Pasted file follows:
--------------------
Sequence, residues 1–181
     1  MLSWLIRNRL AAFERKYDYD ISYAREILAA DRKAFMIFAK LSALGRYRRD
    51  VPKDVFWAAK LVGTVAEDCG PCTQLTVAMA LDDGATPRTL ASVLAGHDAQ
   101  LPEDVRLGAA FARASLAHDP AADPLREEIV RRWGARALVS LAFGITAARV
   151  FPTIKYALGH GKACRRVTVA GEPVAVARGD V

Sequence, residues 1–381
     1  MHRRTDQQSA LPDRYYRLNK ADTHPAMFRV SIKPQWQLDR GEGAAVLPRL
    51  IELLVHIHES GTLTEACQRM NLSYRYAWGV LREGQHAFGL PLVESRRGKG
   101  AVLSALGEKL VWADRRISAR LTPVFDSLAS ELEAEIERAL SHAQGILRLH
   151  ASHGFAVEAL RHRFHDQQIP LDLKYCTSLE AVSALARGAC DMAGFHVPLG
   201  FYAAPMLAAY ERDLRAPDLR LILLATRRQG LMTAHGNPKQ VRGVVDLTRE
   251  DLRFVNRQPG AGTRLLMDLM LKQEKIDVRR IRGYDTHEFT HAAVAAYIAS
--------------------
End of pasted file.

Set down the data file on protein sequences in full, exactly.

Sequence, residues 1–181
     1  MLSWLIRNRL AAFERKYDYD ISYAREILAA DRKAFMIFAK LSALGRYRRD
    51  VPKDVFWAAK LVGTVAEDCG PCTQLTVAMA LDDGATPRTL ASVLAGHDAQ
   101  LPEDVRLGAA FARASLAHDP AADPLREEIV RRWGARALVS LAFGITAARV
   151  FPTIKYALGH GKACRRVTVA GEPVAVARGD V

Sequence, residues 1–381
     1  MHRRTDQQSA LPDRYYRLNK ADTHPAMFRV SIKPQWQLDR GEGAAVLPRL
    51  IELLVHIHES GTLTEACQRM NLSYRYAWGV LREGQHAFGL PLVESRRGKG
   101  AVLSALGEKL VWADRRISAR LTPVFDSLAS ELEAEIERAL SHAQGILRLH
   151  ASHGFAVEAL RHRFHDQQIP LDLKYCTSLE AVSALARGAC DMAGFHVPLG
   201  FYAAPMLAAY ERDLRAPDLR LILLATRRQG LMTAHGNPKQ VRGVVDLTRE
   251  DLRFVNRQPG AGTRLLMDLM LKQEKIDVRR IRGYDTHEFT HAAVAAYIAS